Nfld. & Labrador

Meet the North West River woman passing on ulu-making skills to the next generation

Rodney Wolfrey of Rigolet has been learning to make uluit — a traditional Inuit knife — from Mina Campbell in North West River.

Mina Campbell is teaching Rodney Wolfrey, 17, how to make uluit — and he plans to teach his kids someday

Rodney Wolfrey uses a rotary tool to cut out the blade of an ulu. (Regan Burden/CBC)


The ulu — an Inuit knife, traditionally used by women for things such as food preparation and cleaning animal skins — has been in Mina Campbell's life for as long as she can remember. But using an ulu and making them herself is something she has recently discovered.

"My grandmother, who raised me from birth, cleaned sealskins for people in spring. The hunters would bring the seals — it was a commercial hunt back then — so there were lots of seals being harvested for pelts and the food. So there were always sealskins in our house in the spring, which meant there were always ulus," the North West River woman told CBC.

Despite growing up surrounded by uluit (three or more ulu), it wasn't until Campbell was a young adult that she became interested in using and making them; she says the constant smell of seal grease in her home may have deterred her at that time.

Campbell has her own collection of uluit now, some ornamental and some for practical use, and her collection includes some uluit that have a very special place in her heart.

"[I have one] that belonged to my late uncle Homan Campbell, who was also a seal hunter and sealskin cleaner … and recently my brother who lives in New Jersey and is a deer hunter sent me a couple of antlers and so I made a stand for my late uncle's [ulu] … and [I have] another part of my antler my brother sent me with my grandmother's ulu on it that I use," said Campbell.

Wolfrey and Mina Campbell hold two of the uluit that Wolfrey made with Campbell's help. (Regan Burden/CBC)


About 20 years ago Campbell took her first class in making uluit, from Louie Montague, but didn't continue making them. But last year, during the pandemic, she tried to remember what she had learned all those years ago, and when she found she couldn't quite recall everything, she turned to John Goudie of North West River and made an ulu with him.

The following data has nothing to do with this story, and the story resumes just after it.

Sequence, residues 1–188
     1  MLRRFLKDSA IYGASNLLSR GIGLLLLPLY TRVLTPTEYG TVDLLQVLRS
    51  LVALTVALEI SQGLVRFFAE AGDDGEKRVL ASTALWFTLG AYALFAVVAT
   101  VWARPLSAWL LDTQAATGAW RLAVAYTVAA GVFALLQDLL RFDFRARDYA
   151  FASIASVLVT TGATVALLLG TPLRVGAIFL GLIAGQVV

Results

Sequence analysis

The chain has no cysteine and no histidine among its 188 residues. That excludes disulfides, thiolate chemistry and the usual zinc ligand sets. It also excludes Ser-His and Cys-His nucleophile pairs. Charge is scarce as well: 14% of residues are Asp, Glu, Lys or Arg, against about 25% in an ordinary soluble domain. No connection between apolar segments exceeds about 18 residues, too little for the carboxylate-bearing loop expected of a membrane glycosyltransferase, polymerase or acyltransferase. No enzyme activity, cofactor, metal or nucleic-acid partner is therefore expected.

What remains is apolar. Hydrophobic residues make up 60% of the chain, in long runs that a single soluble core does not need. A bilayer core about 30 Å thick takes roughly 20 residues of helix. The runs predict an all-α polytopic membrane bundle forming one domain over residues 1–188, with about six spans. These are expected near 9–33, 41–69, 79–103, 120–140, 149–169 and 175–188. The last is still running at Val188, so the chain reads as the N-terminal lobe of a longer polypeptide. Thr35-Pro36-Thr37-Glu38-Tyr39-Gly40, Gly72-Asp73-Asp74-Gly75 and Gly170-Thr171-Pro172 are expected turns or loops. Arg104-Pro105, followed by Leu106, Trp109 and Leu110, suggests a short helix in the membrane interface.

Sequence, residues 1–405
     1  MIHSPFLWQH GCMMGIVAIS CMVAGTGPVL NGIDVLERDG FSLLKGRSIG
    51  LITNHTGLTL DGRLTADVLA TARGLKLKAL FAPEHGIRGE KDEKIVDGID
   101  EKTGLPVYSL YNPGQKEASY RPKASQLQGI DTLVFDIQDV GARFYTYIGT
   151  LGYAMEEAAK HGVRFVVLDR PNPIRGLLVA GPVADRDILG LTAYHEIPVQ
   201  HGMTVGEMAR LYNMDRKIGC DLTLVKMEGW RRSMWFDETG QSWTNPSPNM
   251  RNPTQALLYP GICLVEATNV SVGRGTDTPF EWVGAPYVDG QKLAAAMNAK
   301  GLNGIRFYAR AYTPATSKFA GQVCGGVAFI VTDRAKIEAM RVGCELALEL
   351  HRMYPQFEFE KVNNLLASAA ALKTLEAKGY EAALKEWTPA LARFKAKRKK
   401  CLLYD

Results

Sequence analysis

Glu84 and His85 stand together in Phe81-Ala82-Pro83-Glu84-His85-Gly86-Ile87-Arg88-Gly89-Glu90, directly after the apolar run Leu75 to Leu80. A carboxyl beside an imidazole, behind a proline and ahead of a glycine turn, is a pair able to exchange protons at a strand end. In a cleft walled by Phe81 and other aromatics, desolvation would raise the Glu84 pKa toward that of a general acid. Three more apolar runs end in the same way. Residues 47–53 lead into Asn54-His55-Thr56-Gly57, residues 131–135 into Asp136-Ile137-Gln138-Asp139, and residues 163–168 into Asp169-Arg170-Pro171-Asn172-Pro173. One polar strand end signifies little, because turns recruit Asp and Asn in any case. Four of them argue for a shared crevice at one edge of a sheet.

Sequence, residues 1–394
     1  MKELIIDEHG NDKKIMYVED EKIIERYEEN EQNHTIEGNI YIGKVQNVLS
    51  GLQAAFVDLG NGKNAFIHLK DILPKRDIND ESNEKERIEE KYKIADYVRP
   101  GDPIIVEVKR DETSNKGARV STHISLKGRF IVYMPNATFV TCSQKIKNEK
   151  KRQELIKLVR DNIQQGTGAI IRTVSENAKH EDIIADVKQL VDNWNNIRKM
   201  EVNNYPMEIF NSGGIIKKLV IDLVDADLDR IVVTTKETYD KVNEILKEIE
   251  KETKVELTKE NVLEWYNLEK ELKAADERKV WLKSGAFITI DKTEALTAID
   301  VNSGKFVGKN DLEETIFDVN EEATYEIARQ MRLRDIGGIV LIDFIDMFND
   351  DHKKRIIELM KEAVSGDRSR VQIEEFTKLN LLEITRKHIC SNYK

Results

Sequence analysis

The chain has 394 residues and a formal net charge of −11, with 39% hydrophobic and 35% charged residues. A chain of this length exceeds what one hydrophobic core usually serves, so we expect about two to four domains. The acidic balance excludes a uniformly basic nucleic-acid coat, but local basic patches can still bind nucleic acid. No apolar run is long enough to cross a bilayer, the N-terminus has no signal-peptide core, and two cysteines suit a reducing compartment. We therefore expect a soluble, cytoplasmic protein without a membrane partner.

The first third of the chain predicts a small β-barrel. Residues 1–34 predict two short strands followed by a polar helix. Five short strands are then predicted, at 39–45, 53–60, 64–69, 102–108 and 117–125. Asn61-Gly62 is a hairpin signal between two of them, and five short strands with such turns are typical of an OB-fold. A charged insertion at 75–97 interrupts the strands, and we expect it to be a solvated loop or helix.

"I made around 16 or so last year and intended again because I bought a bunch of equipment and said, 'I'll continue next year' — and it's now so that's what I started to do," said Campbell.

Passing on the skill

Now Campbell — a Nunatsiavut beneficiary — isn't just making uluit herself but passing on the skills involved in making one. Her niece's 17-year-old boyfriend, Rodney Wolfrey of Rigolet — also a Nunatsiavut beneficiary — was visiting her in North West River and when Wolfrey heard Campbell would be spending some of that time making uluit, he decided to learn from her, because of his own grandmother's connection to the ulu.

"My grandma used to use them. She used it to clean sealskins and to cut up the seal meat," said Wolfrey. His family has gone so far as to buy his uluit before he's finished making them.
This is part of Campell's uluit collection. The one on the left once belonged to her grandmother and the one on the right once belonged to her uncle. (Regan Burden/CBC)


"They were pretty excited because [it will] keep the tradition going," he said. "When I was making one, Mina posted a picture on Facebook and then someone messaged her, my Aunt Gertie, and said that she wanted to buy it. [It felt] good that someone wanted to buy it and they're in my family." 
Wolfrey shows off two of the uluit he made with Campbell during his time in North West River. (Regan Burden/CBC)


Campbell said using the uluit that once belonged to her relatives — and making them herself — makes her think about her ancestors. The process makes her feel good.

"It's something that you need to want to learn how to do but I think that it's important because it's something that might fade away, because the ulu is not being used a lot anymore, certainly not in this area. People use them for ornaments or keepsakes and things now, which is still important because they can talk about them and talk about the families that use them and pass the stories on even if the tradition of it is not passed on," said Campbell.

Wolfrey said he plans to keep the tradition going by teaching the skills to his own future children.

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